We all have heard this, but do we really believe that hair growth starts from the inside out? To receive optimum hair growth, you must create a healthy balance inside, and combine that with the right hair care regimen for your hair texture. All hair grows, but when you don’t see the length, this may be an indication that your hair is breaking on the ends. Trims are the only solution to this problem. In my book, 7 Love Languages of Hair. I define how to determine what your hair needs. Let’s start with the basics; your diet.
According to dermatologist Dr. Carolyn Jacob, “It’s important to make sure you don’t lack vital nutrients in your diet that could be leading to hair loss. You should check hour protein levels, iron, iron storage, vitamin D, and a number of other labs to make sure you don’t have deficiencies.”
Protein is the 2nd love language of hair. Dr. Nikki Hill, a dermatologist from Atlanta’s Skin of Culture and Hair Center (SOCAH), states that “Hair is made out of protein, however, balances with moisture to form strength. Protein treatments can help seal and fill in chipped cuticles along the hair shaft, and can help with breakage. Too much protein can cast a concrete film over the hair which reduces the flexibility of the hair.” So, if there is not enough moisture to retain that flexibility, then you have a cast on your hair. Bending a cast only ends with no bending or a clear break. So, too many protein treatments without moisture balance equal breakage. Start with a protein treatment to stop any shedding, and start building up the hair.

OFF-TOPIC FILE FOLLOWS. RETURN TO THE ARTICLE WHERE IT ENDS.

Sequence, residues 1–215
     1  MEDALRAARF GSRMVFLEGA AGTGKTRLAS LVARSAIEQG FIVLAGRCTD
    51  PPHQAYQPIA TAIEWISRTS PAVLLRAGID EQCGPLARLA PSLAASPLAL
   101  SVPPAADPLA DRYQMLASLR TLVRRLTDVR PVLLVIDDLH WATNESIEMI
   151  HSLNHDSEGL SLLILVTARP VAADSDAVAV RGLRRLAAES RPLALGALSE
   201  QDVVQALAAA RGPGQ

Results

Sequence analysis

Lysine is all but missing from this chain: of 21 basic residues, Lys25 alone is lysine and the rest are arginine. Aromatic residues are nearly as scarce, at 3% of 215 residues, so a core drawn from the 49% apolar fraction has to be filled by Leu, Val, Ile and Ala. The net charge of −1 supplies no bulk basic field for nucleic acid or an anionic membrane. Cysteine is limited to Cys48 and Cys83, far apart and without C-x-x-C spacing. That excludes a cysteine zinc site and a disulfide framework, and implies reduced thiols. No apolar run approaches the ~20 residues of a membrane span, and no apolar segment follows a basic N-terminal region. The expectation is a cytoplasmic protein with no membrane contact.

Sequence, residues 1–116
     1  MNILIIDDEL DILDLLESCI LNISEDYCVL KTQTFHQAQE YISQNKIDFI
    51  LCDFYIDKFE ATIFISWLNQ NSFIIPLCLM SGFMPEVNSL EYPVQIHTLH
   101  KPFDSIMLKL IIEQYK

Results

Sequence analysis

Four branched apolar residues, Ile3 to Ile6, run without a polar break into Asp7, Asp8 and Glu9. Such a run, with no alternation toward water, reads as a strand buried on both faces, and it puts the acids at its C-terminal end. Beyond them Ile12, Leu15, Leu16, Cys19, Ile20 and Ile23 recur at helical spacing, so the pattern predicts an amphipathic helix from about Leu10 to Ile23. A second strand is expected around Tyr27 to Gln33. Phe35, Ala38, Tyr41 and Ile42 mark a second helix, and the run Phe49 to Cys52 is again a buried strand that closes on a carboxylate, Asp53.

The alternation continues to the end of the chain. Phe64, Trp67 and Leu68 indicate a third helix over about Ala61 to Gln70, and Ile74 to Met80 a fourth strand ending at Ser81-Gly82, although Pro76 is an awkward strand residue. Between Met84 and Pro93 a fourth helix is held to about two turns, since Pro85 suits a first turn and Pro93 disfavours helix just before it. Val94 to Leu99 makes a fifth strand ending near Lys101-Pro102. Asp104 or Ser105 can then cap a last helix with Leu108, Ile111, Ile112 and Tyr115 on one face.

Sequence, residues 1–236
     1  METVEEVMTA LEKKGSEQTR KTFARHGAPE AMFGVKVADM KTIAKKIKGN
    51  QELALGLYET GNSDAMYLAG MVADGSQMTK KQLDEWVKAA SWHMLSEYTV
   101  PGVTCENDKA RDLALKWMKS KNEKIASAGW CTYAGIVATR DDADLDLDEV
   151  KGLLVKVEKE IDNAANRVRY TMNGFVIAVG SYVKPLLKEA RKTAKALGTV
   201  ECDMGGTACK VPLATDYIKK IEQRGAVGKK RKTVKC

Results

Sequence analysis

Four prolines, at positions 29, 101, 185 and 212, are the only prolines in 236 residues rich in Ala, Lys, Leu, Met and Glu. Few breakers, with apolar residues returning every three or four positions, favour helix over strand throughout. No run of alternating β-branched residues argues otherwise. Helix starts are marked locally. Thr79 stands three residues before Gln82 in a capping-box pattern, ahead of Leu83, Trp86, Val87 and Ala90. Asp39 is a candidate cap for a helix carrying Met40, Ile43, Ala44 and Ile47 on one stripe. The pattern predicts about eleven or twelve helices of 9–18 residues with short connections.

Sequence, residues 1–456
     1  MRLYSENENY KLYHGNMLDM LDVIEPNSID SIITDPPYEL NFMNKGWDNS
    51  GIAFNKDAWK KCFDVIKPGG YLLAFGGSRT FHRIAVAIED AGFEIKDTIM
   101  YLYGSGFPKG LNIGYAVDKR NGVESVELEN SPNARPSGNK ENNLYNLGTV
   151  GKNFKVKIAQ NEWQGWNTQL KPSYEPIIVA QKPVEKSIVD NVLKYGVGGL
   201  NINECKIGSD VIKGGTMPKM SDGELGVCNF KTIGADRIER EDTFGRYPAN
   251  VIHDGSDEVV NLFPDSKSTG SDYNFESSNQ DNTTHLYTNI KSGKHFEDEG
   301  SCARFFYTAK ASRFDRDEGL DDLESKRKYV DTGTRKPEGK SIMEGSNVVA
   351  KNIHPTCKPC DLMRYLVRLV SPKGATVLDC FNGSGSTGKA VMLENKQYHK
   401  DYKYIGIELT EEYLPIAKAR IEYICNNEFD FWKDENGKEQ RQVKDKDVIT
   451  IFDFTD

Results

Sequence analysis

You can’t obtain balance in hair without mentioning the 7th love language of hair, Moisturize. Think of your hair like a garden. Moisture would be the water, and protein, the dirt. If there is too much dirt and no water, the plant can’t grow. If there is too much water and not enough dirt, the plant can’t grow either. Protein and moisture have a symbiotic relationship, and keeping the hair balanced between the two is essential. In fact, this is the most important thing that you can do for your hair. Protein, along with feeding the hair with moisturizing products is going to create the balance it needs. Keeping your ends moisturized keeps them from splitting, resulting in seeing length in the hair.
This brings me to the most important moisture of all, water. The term “hard water” is only understood by a handful of people. Hard water is water that has a high mineral content, particularly calcium and magnesium. Although it’s not considered as harmful to your health, hard water can cause serious problems to your hair and skin. After multiple washings, minerals dissolved in the hard water create a scaly film on the hair. This prevents moisture from entering the hair. The result is dry, dull, tangled, strange colored hair. Hard water can also lead to buildup on the scalp, causing a dandruff-like condition to form. In my book, 7 Love Languages of Hair, you’ll obtain in-debt details regarding hard water, and will be able to see if your hair falls into that category.
Choosing an educated hair care provider is the last and most important step in this process. You’ll need a haircare provider to implement the above techniques. A haircare provider that you ultimately trust will help you obtain optimum hair growth. They know what healthy hair feels like, can determine your weak areas, and the products that’s going to give YOUR hair the love it needs. From successfully walking out of being addicted to hair extensions, to damage weak shedding hair, loss of moisture and strength; 7 Love Languages of Hair is going to address YOUR hair story.